CEES Extra seminar/AQUA seminar: Fatty acids in the marine environment, from photosynthesis to copepod lipids and sequestration
By Sigrun Jonasdottir
Marine ecosystems host the most abundant bioengineers synthesising fatty acids on earth, the phytoplankton that fix organic carbon from CO2 with the aid of sunlight which they subsequently channel towards the production of high quality lipids – the omega-3 (ω3) fatty acids. I follow the fatty acids from food to function in copepods where the dietary ω3 fatty acids play a fundamental role in reproduction, growth and survival. Copepods are the main vehicles for transporting the dietary ω3 fatty acids through marine food webs to fish and so on to humans. I follow the fatty acids further where they act as the main structural component of wax esters, a lipid type that copepods accumulate for long periods of food shortage. In autumn, trillions of copepods full of wax esters descend to great depths in the ocean basins for overwintering. In addition to being an energy source during this time of famine, the wax esters act as a highly specialized buoyancy control for the copepods. The consequence of overwintering is lipid catabolism at depth resulting in respiration and the waste product CO2. I conclude the journey from light to darkness with quantification of the carbon the copepods leave behind at the end of winter in the deep dark oceans – a “footprint” of major significance for the ocean’s biogeochemical cycles.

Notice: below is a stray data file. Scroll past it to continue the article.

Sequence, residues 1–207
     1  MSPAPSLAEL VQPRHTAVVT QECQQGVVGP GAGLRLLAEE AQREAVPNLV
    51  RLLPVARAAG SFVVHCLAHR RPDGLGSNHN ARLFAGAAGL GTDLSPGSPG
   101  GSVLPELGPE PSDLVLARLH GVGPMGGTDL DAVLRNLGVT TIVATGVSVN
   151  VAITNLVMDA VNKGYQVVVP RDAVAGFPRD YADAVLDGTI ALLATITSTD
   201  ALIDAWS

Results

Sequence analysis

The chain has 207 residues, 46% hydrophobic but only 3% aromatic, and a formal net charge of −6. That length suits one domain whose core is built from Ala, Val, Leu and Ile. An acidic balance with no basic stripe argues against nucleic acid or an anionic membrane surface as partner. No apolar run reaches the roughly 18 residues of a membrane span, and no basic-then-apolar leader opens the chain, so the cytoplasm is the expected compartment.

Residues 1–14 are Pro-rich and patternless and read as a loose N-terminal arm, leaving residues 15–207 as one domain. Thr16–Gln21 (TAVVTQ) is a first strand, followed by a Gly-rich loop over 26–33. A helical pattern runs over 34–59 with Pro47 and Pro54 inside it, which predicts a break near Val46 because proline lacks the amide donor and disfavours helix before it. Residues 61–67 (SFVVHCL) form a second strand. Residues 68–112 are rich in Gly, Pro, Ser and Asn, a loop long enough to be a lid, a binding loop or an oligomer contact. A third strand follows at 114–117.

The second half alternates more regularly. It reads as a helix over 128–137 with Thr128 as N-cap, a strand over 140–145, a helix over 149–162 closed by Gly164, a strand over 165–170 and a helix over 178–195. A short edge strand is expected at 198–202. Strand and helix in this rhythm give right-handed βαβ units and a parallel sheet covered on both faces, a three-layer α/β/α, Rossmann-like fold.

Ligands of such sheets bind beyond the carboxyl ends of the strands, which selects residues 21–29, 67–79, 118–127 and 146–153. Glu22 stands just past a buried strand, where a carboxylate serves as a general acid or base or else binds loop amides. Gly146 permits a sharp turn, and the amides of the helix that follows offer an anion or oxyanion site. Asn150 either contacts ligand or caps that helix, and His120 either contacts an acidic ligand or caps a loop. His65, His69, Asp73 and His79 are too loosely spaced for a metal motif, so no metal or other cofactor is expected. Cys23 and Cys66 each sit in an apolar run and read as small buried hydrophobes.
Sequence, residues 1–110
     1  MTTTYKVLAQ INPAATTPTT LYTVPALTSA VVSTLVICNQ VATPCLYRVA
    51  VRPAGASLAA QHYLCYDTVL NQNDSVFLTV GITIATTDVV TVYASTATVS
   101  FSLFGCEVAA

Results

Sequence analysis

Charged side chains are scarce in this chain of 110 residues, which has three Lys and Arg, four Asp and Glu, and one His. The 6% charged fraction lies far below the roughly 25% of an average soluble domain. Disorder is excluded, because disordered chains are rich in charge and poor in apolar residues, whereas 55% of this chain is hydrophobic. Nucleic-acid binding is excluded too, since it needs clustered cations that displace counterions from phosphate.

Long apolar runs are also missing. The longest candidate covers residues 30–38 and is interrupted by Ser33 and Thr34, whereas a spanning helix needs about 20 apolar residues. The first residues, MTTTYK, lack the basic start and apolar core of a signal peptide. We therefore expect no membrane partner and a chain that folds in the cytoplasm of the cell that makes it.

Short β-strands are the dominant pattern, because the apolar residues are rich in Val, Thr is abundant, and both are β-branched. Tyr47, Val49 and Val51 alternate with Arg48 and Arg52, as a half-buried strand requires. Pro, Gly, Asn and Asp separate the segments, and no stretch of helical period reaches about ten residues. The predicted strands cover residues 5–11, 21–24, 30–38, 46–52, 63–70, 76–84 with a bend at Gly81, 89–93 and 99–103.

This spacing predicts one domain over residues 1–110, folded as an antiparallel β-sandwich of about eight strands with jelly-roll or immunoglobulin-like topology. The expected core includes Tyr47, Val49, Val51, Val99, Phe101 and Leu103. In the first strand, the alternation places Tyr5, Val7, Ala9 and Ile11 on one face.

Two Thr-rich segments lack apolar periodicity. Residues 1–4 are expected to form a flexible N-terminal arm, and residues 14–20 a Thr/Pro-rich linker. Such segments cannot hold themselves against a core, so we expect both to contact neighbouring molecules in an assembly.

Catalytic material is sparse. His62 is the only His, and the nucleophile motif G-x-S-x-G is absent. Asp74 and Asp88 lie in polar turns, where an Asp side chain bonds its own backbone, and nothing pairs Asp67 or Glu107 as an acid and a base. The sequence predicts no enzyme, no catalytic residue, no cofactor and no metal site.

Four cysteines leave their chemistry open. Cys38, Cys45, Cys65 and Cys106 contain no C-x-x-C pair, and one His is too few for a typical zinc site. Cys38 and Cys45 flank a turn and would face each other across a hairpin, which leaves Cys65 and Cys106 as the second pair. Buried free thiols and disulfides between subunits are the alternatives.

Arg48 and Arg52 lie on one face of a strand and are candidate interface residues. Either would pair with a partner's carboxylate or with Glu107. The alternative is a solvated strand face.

Senior research scientist
National Institute of Aquatic Resources
Section for Marine Ecology and Oceanography
Technical University of Denmark
Sigrun Jonasdottir takes part in the adjudication committee for Kristina Kvile's disputation the following day.